- Preparation for Future: By 2050, around 68% of the world population is expected to live in urban areas, and the growing population will lead to an increased demand for food. The efficient use of vertical farming may perhaps play a significant role in preparing for such a challenge.
- Increased And Year-Round Crop Production: Vertical farming allows us to produce more crops from the same square footage of growing area. In fact, 1 acre of an indoor area offers equivalent production to at least 4-6 acres of outdoor capacity. According to an independent estimate, a 30-story building with a basal area of 5 acres can potentially produce an equivalent of 2,400 acres of conventional horizontal farming. Additionally, year-round crop production is possible in a controlled indoor environment which is completely controlled by vertical farming technologies.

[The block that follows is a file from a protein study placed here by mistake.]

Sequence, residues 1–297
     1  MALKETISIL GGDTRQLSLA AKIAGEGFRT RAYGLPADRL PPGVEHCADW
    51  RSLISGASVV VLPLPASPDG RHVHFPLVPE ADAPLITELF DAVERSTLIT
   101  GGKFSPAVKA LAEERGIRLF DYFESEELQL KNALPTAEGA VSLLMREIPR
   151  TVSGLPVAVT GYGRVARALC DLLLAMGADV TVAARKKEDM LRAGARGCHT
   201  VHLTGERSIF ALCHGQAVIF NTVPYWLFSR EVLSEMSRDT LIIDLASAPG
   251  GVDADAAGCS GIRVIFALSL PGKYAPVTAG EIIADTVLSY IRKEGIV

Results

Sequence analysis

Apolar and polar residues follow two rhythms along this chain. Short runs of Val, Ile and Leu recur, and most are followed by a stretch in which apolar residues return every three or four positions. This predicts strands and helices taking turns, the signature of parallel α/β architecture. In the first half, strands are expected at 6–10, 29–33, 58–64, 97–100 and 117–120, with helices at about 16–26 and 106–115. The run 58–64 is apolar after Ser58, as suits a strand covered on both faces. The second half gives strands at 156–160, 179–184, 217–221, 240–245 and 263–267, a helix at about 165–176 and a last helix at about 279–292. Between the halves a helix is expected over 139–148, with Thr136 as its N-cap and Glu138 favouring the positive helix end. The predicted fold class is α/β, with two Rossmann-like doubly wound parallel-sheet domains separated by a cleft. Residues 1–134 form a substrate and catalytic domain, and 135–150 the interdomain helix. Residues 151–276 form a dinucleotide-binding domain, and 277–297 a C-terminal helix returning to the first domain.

- Less Use Of Water In Cultivation: Vertical farming allows us to produce crops with 70% to 95% less water than required for normal cultivation.
- Not Affected By Unfavorable Weather Conditions: Crops in a field can be adversely affected by natural calamities such as torrential rains, cyclones, flooding or severe droughts—events which are becoming increasingly common as a result of global warming. Indoor vertical farms are less likely to feel the brunt of the unfavorable weather, providing greater certainty of harvest output throughout the year.
- Increased Production of Organic Crops: As crops are produced in a well-controlled indoor environment without the use of chemical pesticides, vertical farming allows us to grow pesticide-free and organic crops.